Potter sparks scholarly study at University

By Sarah Bookstein


For those “Harry Potter” followers on campus who live, breathe and discuss every aspect of the series, perhaps the best way to feed their obsession is to take a course that incorporates the tales of the perfect magician in the syllabus. The course that uses “Harry Potter” most profoundly is “Young Adult Fiction” taught by associate professor of English Virginia Zimmerman. An expert in Young Adult Fiction as well as Victorian literature and geology, Zimmerman published an article entitledHarry Potter and the Gift of Time” in the literary journal “Children’s Literature.”

Zimmerman herself is passionate about Harry Potter. “I think the series is brilliantly plotted, and delving into the plot with all my analytical skills is always rewarding. I enjoy guiding students through that process. The extraordinary popularity of the books demands that we pay attention to them, but they are not just popular, escapist “good-reads”—they are high-quality, game-changing literary texts,” she said.

Zimmerman usually begins the course by assigning the first book of the Harry Potter series, because many student sign up for the course after hearing that they can read their favorite book for homework. Then students read other young adult fiction books such as “Alice in Wonderland,” “The Jungle Book,” “The Secret Garden” and “The Golden Compass.”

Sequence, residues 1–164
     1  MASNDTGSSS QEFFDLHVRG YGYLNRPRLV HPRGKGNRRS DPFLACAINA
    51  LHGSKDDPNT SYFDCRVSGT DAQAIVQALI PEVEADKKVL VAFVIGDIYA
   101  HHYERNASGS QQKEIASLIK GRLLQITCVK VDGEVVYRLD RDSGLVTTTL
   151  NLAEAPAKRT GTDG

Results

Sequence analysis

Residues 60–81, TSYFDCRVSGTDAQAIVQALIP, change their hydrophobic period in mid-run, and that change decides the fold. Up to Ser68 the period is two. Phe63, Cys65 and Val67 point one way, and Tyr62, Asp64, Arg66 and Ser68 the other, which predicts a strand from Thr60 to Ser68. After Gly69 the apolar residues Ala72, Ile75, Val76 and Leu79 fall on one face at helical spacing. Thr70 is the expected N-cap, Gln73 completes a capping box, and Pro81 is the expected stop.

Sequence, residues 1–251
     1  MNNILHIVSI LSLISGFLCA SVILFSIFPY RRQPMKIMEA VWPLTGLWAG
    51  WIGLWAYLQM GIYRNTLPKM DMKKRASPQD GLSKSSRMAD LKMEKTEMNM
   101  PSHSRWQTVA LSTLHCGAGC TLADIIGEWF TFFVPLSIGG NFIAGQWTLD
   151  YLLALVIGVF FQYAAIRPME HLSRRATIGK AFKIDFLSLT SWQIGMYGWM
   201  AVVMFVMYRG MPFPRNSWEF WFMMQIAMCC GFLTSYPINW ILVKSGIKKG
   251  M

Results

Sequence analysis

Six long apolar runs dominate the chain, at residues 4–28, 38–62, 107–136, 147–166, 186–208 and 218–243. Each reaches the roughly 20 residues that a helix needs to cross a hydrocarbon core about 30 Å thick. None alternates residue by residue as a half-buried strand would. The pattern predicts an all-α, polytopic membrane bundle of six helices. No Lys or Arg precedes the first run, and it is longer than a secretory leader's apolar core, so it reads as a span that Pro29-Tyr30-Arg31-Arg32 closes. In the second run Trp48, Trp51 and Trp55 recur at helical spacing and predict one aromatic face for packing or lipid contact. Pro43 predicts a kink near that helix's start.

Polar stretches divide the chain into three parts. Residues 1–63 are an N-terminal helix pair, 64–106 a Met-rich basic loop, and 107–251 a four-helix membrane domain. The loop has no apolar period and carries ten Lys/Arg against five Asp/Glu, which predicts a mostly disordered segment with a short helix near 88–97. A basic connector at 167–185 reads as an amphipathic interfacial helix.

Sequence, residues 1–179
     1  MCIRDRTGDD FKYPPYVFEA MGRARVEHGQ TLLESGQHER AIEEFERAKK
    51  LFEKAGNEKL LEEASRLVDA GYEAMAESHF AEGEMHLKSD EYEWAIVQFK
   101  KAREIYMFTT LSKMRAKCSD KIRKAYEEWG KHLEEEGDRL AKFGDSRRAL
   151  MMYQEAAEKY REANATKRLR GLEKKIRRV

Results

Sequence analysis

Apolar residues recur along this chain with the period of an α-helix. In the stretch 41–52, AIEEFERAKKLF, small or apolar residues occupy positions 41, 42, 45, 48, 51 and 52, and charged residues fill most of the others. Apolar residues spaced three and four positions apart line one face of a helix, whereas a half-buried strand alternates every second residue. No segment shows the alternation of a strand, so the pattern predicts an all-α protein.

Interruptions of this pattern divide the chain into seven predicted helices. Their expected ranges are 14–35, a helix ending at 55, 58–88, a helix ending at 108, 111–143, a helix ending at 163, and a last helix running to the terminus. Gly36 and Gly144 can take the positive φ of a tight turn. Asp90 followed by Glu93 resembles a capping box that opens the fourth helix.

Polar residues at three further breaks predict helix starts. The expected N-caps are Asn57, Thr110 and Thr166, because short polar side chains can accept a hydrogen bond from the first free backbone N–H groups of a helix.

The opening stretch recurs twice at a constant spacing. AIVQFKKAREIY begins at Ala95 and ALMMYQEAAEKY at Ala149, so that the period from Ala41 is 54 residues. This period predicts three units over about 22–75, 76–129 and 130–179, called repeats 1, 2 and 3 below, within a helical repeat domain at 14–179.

“A professor really can’t go wrong teaching Harry Potter in an English class, but it was a particularly engaging course because it was discussion-based so we all participated,” said Laura Hudson ’11, a past student in the course.

Using connections drawn from the other books analyzed throughout the course, students can see that J.K. Rowling employs themes common to this genre, such as an orphaned child, the idea of a prophecy and kids working together to solve problems. A less common theme that is still important to Rowling is family. “For instance, the narrative arc of the third book is really about Harry needing someone to sign a permission slip,” Zimmerman said.

Zimmerman also teaches a foundation seminar called “Fiction Inside Out” that primarily focuses on texts that have inspired movies and other spin-offs. “Harry Potter” naturally becomes the focus of a class like this because the series essentially opened a world of magic to the literary world. In this course, a discussion about the idea of a magic world being part of the real world arises. One example is the existence of Hogwarts Platform 9 3/4 in a real London train station. “We consider how the presence of, for example, actual Bertie Botts Every Flavor Beans in the real world complicates the relationship between magic and reality in and out of the books,” Zimmerman said.

Zimmerman explained that many students sign up for her courses primarily because they integrate Harry Potter into literary discussions, and enjoy “discovering layers of literary depth in the books that they may not have noticed before.”

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